Christine Quinn is the first female and openly gay New York City Council Speaker. By speaking out and standing up for the rights of women and queer folks throughout the city, she has received a lot of support from the feminist community as Speaker and as potential NYC mayor. But on a new issue facing workers in her city, Quinn is standing in the way of progress. She is refusing to bring a bill to the City Council floor that would require paid sick leave for most employees in her city.
If you are privileged enough to have paid sick leave at your job (though it’s terrible that we have to think of paid sick leave as a privilege), you probably don’t have to worry that the sniffle you just got might mean you can’t pay your rent this month, or that your son getting sick could very well lead to losing your job.
In more than 145 countries, paid sick leave is required under national law. In the U.S., it goes city by city (and occasionally, by state), with existing paid sick leave laws in Washington, D.C., San Francisco, Seattle and the state of Connecticut.
This is a labor rights issue and a public health issue. We need a national law requiring businesses to provide paid sick leave, but until then, the New York City council is aiming to get a proposal passed that would require paid sick leave for 1 million workers that currently do not have this benefit.
The Paid Sick Time Act would require businesses with five-19 employees to provide them with five paid sick days a year, days that can also be used to care for sick children; businesses with 20 or more would provide nine paid days. Thirty-seven out of 51 city council members support the bill—more than enough to pass it over Mayor Bloomberg’s veto. And yet Christine Quinn is standing in the way of its passage by arguing that it will have a negative effect on business profits. Quinn is dead wrong—extensive research shows that paid sick leave does not negatively effect business profits.
Paid sick days are a basic security that should be available to everyone. Workers deserve to know that being sick won’t mean they can’t pay their bills, afford food, or even lose their jobs. Nearly one in four workers reports that they have lost a job or were told that they would lose their job if they took time off for a personal or family illness. Getting sick is not something anyone can easily avoid, and with such high health care costs, many workers will go to work and suffer rather than lose their wages.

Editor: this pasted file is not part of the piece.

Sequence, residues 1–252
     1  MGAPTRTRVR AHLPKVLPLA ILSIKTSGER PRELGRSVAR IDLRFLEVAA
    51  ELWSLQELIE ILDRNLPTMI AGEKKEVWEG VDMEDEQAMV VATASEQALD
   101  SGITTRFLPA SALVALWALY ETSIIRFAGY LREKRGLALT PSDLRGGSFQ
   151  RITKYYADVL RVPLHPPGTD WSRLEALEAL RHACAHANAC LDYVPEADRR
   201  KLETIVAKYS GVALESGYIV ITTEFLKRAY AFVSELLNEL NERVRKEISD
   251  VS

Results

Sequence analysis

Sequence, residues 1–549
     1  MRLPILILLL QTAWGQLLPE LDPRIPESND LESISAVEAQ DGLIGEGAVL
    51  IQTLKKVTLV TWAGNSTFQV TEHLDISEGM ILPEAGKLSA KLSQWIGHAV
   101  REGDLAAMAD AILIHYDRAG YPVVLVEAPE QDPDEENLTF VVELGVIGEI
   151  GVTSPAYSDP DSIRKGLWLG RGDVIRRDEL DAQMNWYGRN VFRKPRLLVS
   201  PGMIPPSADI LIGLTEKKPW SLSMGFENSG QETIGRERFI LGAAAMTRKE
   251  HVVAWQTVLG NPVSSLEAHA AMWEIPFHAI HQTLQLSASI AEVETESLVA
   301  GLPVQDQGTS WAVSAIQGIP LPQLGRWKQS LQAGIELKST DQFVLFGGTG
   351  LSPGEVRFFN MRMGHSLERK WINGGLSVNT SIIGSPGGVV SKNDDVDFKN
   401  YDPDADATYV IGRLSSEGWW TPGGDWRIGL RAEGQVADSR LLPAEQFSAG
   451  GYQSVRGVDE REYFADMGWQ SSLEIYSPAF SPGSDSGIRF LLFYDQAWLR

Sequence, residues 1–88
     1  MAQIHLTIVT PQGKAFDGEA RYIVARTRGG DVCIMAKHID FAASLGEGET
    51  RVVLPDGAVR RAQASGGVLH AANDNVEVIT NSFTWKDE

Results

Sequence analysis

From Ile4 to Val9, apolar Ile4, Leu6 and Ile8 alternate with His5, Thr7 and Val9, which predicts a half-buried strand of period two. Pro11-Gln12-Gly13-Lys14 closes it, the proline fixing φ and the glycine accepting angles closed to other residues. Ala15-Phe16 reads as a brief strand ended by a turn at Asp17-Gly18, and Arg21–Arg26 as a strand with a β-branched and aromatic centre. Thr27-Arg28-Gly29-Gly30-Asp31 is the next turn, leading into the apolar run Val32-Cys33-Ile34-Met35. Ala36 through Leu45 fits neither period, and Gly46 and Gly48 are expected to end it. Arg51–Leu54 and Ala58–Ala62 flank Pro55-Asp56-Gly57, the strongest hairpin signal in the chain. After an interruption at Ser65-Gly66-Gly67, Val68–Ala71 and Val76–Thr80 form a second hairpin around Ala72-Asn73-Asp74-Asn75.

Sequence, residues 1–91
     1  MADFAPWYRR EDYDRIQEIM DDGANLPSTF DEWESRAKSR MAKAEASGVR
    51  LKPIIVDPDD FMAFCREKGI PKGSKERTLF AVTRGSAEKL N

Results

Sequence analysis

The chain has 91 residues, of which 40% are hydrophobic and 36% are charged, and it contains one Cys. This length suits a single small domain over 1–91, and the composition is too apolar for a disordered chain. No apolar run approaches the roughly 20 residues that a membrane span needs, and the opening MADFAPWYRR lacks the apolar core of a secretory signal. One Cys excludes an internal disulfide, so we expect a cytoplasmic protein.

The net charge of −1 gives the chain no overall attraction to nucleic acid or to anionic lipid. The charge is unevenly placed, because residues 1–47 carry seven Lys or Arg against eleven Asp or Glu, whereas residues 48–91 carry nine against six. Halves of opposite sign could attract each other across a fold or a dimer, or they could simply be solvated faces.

Most of those who lack paid sick days are low wage workers, and most of them are women. Nearly four in 10 working women do not have access to paid sick days, and women-dominated industries are the least likely to have paid sick leave—for example, 72 percent of childcare workers and 73 percent of food service workers lack paid sick time. In a culture where women are most often bearing the brunt of childcare, women are often responsible for staying home from work to care for a sick child. A Kaiser Foundation report shows that around half of all mothers must take work off when their child is sick, and of these, half lose pay when they take time off to care for their child. Among low-wage mothers, two in three report losing pay. For women of color and LGBT families, a lack of paid sick leave can also be a major barrier to workplace and economic equality.
Quinn is someone who, for many women, represents a feminist dream as the potential first female and first openly gay mayor of New York. Gloria Steinem has been a prominent supporter of Quinn, but recently she has been voicing her disapproval of Quinn blocking this bill. Steinem, along with 200 other prominent women leaders, is waging a campaign to pressure Quinn to bring the measure up for a vote. Calling Quinn out for caring more about the interests of the business community and Mayor Michael Bloomberg, the group held a rally outside of City Hall two weeks ago. Maria Castaneda, Secretary-Treasurer of 1199 SEIU-UHE, said during the rally that “Nearly 1 million New Yorkers don’t get paid sick days—most are women working in low-wage service jobs like waitresses, retail clerks, day care providers and home care workers.”
The coalition of women made it clear to Quinn that she needs their votes in order to win a mayoral election, and that, although she stands with women on a lot of other issues, that this will not stand. Women should not have to choose between keeping their job and caring for themselves or a sick family member.
Unfortunately, it can be easy at times as feminists to get so focused on which politicians support a women’s right to contraception and abortion, and we forget that labor policies, a less overtly feminist issue but a clear feminist position nonetheless, matter to women. These amazing women are making it clear to Quinn and other politicians who are relying on “the women’s vote” to get elected that worker’s rights are women’s rights, and that despite women’s various levels of socioeconomic status, true feminists stand up for the rights of working class women–because without it, we don’t have a chance.
Cross-posted from the Feminist Majority Foundation blog with permission.